March 27, 1998 in Nation/World

Basin Bill Revived To Give The State Cleanup Control Kempthorne Amendment Aimed At Removing Epa Oversight

By The Spokesman-Review

Federal legislation designed to clean up mining pollution in the Coeur d’Alene River basin was resurrected Thursday as an amendment to a Senate Superfund reform bill.

The Senate Environment and Public Works Committee passed by voice vote the amendment introduced by Sen. Dirk Kempthorne, R-Idaho.

The amendment is a modified version of fellow Idaho Republican Sen. Larry Craig’s basin cleanup bill, which was introduced last session. The legislation puts the responsibility for developing and implementing a cleanup plan on the state.

“This amendment brings cooperation where there is now polarization,” Kempthorne told the committee. “It’s vital that we get away from the litigation and gridlock that have plagued this process far too long.”

The legislation relies on a Coeur d’Alene Basin Commission to devise a plan “to restore, manage and enhance the natural recovery of the Coeur d’Alene basin … in a cost-effective manner” and submit it to the governor for approval within two years. The governor then would negotiate with mining companies and other parties potentially responsible for the pollution to determine their contribution to the cleanup.

Ultimately, any agreements made by the governor would have to be approved by a U.S. District Court. The legislation also allows for the appropriation of $5 million to Idaho to pay for the plan and the state’s share of the cleanup costs.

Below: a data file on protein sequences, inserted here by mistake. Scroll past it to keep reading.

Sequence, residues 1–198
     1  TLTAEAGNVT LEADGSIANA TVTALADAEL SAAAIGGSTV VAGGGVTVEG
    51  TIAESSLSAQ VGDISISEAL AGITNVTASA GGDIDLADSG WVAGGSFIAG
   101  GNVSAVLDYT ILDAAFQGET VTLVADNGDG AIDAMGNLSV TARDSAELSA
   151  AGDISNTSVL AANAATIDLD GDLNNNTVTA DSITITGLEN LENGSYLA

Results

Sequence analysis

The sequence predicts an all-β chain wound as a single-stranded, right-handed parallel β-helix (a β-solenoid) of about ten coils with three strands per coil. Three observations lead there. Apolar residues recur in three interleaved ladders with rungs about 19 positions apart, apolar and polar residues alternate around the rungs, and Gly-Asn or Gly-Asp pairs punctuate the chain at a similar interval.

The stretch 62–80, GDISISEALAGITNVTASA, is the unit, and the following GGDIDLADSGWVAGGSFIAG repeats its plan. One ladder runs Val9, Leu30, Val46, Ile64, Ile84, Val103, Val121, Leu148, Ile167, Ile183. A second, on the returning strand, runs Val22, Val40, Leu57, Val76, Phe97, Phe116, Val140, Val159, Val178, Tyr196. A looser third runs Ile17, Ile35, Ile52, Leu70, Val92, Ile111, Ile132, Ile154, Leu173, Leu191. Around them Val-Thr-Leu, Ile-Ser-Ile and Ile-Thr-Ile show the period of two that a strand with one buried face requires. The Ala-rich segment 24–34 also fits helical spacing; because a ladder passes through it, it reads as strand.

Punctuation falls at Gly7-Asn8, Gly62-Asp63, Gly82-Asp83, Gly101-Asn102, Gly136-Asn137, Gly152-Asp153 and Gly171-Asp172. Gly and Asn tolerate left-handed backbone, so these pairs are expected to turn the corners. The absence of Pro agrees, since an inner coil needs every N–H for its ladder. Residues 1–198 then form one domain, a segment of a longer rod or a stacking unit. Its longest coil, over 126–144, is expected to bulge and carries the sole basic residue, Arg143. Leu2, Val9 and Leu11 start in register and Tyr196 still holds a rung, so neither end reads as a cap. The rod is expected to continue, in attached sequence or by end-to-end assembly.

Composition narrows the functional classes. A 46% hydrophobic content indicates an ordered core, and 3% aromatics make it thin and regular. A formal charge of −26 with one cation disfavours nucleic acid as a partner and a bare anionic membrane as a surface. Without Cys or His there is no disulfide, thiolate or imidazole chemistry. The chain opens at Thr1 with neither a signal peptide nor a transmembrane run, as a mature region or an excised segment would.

The amendment was greeted with disdain by Idaho’s environmental community.

“It does not bode well for future cleanup,” said Scott Brown of the Idaho Conservation League. “It undermines what EPA (the federal Environmental Protection Agency) is now undertaking. The fact is that EPA has beaten them to the punch.”

Last month, the EPA announced that it was using its authority under the Superfund law to examine the extent of pollution and develop a cleanup plan for the entire Coeur d’Alene River Basin. The process is expected to take two or three years, according to EPA officials.

Although the EPA has hired a mediator to involve all interested parties in the development of the plan, mining companies and Idaho politicians were dismayed by EPA’s action.

Local politicians fear the Superfund stigma will hurt business in the Coeur d’Alene area, while others are concerned that the EPA’s action could lead to more litigation under the Superfund law and a delay in the cleanup.

But Brown believes the EPA will bring more expertise and money to the job.

“If we have the choice between the EPA and Sen. Craig’s commission, we have to go with the EPA,” he said.

The state of Idaho has formed a Coeur d’Alene Basin Commission, which includes county commissioners, state bureaucrats, a tribal representative, industry and other Idaho interests. The commission has developed water quality plans that establish pollution limits for the Coeur d’Alene River, Lake Coeur d’Alene and the Spokane River as required under the Clean Water Act.

The state has not yet submitted the plans to the EPA for approval.

, DataTimes

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